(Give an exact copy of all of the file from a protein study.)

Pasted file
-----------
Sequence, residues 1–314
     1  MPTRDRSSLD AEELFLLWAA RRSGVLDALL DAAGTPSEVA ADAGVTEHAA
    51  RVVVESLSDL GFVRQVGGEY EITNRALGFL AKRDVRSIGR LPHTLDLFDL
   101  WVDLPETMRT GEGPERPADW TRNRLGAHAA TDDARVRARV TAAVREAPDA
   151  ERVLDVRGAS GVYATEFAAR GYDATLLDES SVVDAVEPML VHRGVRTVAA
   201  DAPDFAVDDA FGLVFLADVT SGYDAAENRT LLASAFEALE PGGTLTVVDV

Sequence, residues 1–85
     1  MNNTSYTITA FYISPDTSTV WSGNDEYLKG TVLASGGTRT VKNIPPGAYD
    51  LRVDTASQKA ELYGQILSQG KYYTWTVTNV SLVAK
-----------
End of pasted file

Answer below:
Sequence, residues 1–314
     1  MPTRDRSSLD AEELFLLWAA RRSGVLDALL DAAGTPSEVA ADAGVTEHAA
    51  RVVVESLSDL GFVRQVGGEY EITNRALGFL AKRDVRSIGR LPHTLDLFDL
   101  WVDLPETMRT GEGPERPADW TRNRLGAHAA TDDARVRARV TAAVREAPDA
   151  ERVLDVRGAS GVYATEFAAR GYDATLLDES SVVDAVEPML VHRGVRTVAA
   201  DAPDFAVDDA FGLVFLADVT SGYDAAENRT LLASAFEALE PGGTLTVVDV

Sequence, residues 1–85
     1  MNNTSYTITA FYISPDTSTV WSGNDEYLKG TVLASGGTRT VKNIPPGAYD
    51  LRVDTASQKA ELYGQILSQG KYYTWTVTNV SLVAK